Brown and white horse with ears pricked up, standing in a field at Burford

Equine flu (equine influenza)

Equine flu is a highly contagious respiratory disease that affects horses, ponies and donkeys.

Equine flu, or equine influenza, is a contagious viral respiratory disease that causes flu-like symptoms. It is widespread and highly infectious within the UK, so it's important to be able to recognise the signs in your horse.

If you think your horse is infected, book an appointment with your vet. As it's highly contagious between horses, every effort should be made to isolate your horse, and strict hygiene measures should be put in place to minimise the risk of further spreading.

Equine flu symptoms

If your horse has equine flu, they may show symptoms such as:

  • a high temperature over 39.5°C
  • a husky cough
  • a clear, watery nasal discharge, which turns thick and green in colour after four to five days
  • loss of appetite
  • lethargy (tiredness)
  • swollen glands around their jaw

Equine flu can also cause your horse to become weak, making them vulnerable to secondary infections such as pneumonia. It's important to seek veterinary care as soon as possible if your horse shows signs of equine flu.


Getting to know your horse's regular temperature will allow you to spot inconsistencies when your horse may be feeling unwell.

How equine flu is spread

Equine flu is an airborne virus. When an infected horse coughs or sneezes, the virus is released into the air, where it can be inhaled by other horses. The virus can also be spread indirectly through your horse's stable, equipment, feed, water buckets, grooms or even handlers and vets.

Because of this, strict isolation measures should be put in place to prevent infecting other horses.

Equine flu treatment

Similar to flu in people, there is no specific medication to cure equine flu. Instead, your horse will need plenty of rest and supportive care from your vet.

It's also best to make sure your horse's stable is well ventilated and free from dust, as exposure to dust can cause their airways to become more inflamed. This puts them at risk of developing further respiratory conditions.

The prognosis for horses infected with equine flu is usually good, however it may take several weeks or even longer before your horse returns to full health. If your horse works or competes, speak to your vet before returning to work, as stress or working too soon can cause a relapse.

Equine flu vaccinations

We recommend vaccinating your horse routinely, which covers the most common strains of equine flu. Even if your horse does not leave their yard or field, they can still catch the virus from other horses. While the vaccine cannot guarantee full immunity, it is the most effective way to decrease the risk. 

Vaccinated horses are also likely to recover quicker.


Vaccinations are compulsory for horses competing in most equestrian sports.

Equine flu vaccination programme

Most horses require a booster vaccination either annually or every six months. If your horse misses their booster, they will need to restart their vaccinations.

We recommend the following vaccination programme for an unvaccinated horse, or for a horse who is restarting their course:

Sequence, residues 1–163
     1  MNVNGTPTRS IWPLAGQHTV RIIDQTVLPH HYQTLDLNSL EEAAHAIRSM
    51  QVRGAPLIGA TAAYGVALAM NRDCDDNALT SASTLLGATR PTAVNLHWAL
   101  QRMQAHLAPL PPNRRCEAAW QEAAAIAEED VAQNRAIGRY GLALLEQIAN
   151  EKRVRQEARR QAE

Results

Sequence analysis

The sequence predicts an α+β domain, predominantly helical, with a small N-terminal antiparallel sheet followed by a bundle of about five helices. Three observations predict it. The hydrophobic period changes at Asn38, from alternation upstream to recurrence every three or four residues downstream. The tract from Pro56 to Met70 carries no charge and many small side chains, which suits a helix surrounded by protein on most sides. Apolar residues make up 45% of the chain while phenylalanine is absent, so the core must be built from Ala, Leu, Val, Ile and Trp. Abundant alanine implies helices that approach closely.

• A second injection between 21 and 60 days after their first
  • A third injection between 150 and 215 days (roughly five months) after their second – 150 days is ideal

For competing horses, boosters will likely be required every six months but always check with your governing body or show organisers.

Preventing equine flu from spreading

Equine flu has an incubation period (the time between catching the virus and showing symptoms) of one to five days, meaning it can spread rapidly. When bringing new horses onto your yard, you should always isolate them for a minimum of 21 days to prevent the spreading of illnesses such as equine flu.

If your horse has equine flu, or if there's an outbreak on your yard, it's important to put strict hygiene measures in place prevent the virus from spreading between horses. You can do this by:

  • isolating any infected horses until your vet confirms they are no longer infected. This could be for up to 14 days. Ideally, horses who are infected should be separated from other horses by at least 10 metres.
  • carefully monitoring any horses that have been in contact with those infected, by checking their temperature daily and looking for symptoms. You should also avoid travelling with your horse.
  • wearing protective overalls and gloves when handling your horse
  • disinfecting your hands, boots and any equipment used after handling an infected horse
  • avoiding handling horses other than your own. If you do need to handle other horses, wash and sanitise your hands thoroughly before and after.
  • not sharing feeding buckets, water troughs, grooming kits and other equipment

Daily biosecurity measures should also be followed on your yard to prevent infections or diseases from spreading, especially when introducing a new horse.


Remember to provide plenty of enrichment for horses in isolation so that they can mimic their natural behaviour as much as possible.

Can humans get equine flu?

According to the World Organisation of Animal Health, horse flu has been known to infect people in experimental settings, but no people have become ill.

Page details


• 6 October 2023

Next review

• 6 October 2026

Approved by
Ruth Court

Horse Welfare Manager